On catching prey

We’re going fishing. In the mountain lake live two tasty fish species of the same population. We have two baits at our disposal. An experienced fisherman says that with the older bait we will catch one species – the other one doesn’t bite so good. With the new bait both species bite equally well. Your colleague wants to fish with the old bait, because he has often used it successfully – he’s betting on proven methods. But you are smarter: you have calculated that you will catch more fish if you use a bait that bites both varieties equally well. You have twice as much prey. You are the hero of the troops.

Change of scene: There are two kinds of people on the planet – male and female. Their mental power is comparably good, their intelligence is similarly unevenly distributed on both sides. In social behaviour in groups, however, the female shows a more effective leadership behaviour. The difference, however, is marginal. Companies also fish people: For top management jobs, they have used bait so far, 85 percent of which bite at little men. The good women hardly bite, but the less good men all the better. In the meantime, the total population of the workforce is declining. The companies are courting the fewer and fewer managers. Some with the supposedly proven baits, in which only half of the people are interested – the smarter ones, however, use new baits, in which all talents bite. Who simply has more good people in the company at the end of the day? Exactly: The smarter ones, because they have twice as much prey.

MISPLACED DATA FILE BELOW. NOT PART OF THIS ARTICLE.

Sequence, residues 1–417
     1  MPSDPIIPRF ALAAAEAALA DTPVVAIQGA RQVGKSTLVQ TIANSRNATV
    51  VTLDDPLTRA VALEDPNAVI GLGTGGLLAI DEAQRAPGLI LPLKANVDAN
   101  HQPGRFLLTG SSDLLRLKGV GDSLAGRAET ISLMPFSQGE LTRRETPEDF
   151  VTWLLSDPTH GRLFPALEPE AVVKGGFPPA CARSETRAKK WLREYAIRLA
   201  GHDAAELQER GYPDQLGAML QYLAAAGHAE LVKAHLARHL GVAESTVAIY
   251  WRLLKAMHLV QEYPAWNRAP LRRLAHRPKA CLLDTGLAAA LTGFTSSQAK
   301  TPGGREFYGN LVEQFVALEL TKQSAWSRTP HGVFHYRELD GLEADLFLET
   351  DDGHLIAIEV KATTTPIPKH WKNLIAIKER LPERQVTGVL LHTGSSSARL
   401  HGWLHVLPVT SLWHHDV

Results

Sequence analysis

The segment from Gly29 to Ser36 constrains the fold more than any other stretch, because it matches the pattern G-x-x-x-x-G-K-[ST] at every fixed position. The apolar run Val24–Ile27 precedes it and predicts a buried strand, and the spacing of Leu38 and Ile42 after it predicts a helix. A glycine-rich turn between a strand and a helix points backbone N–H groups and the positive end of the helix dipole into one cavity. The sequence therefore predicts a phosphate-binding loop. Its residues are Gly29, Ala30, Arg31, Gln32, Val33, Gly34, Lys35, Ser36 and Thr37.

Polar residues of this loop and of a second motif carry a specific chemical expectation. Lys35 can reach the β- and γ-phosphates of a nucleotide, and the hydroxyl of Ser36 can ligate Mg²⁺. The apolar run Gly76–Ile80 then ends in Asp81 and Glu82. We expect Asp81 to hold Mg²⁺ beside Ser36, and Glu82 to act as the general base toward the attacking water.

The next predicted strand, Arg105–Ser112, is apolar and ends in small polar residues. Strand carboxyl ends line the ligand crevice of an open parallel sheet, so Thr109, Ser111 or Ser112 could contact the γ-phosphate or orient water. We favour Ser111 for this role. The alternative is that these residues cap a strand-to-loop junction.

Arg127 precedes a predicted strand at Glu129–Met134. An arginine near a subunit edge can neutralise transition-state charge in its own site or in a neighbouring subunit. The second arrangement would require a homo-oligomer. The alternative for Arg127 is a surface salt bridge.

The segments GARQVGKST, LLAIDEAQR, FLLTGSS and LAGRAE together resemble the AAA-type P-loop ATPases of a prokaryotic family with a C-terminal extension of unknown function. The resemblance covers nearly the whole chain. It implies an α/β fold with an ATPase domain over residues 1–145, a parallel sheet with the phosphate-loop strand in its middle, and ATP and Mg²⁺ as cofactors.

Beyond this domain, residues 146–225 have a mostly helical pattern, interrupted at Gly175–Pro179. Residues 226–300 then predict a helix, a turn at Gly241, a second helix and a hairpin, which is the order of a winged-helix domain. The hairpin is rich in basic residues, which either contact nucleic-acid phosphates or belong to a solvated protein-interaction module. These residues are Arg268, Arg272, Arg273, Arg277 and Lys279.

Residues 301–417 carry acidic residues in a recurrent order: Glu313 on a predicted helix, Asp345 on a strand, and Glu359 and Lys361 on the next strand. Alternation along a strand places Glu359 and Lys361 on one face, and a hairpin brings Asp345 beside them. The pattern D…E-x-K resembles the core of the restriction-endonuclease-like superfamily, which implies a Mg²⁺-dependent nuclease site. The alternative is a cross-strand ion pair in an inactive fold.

What do you want the bait to look like?

It means the effect of speech and images in communication as well as the decision architecture in the process. A fish that does not like a worm does not bite the worm. If a job advertisement smells too strongly of testosterone culture, the woman loses her desire for a career. And a fisherman who has caught lots of little men so far doesn’t even know what to do when he has a good woman on the hook. He may tackle it so clumsily that it escapes him injured. So the fisherman will have to learn to fish differently with new lures if he wants to be superior in the long run with twice as much prey.

Column by Esther-Mirjam de Boer, CEO of GetDiversity in the Handelszeitung of 29. August 2019.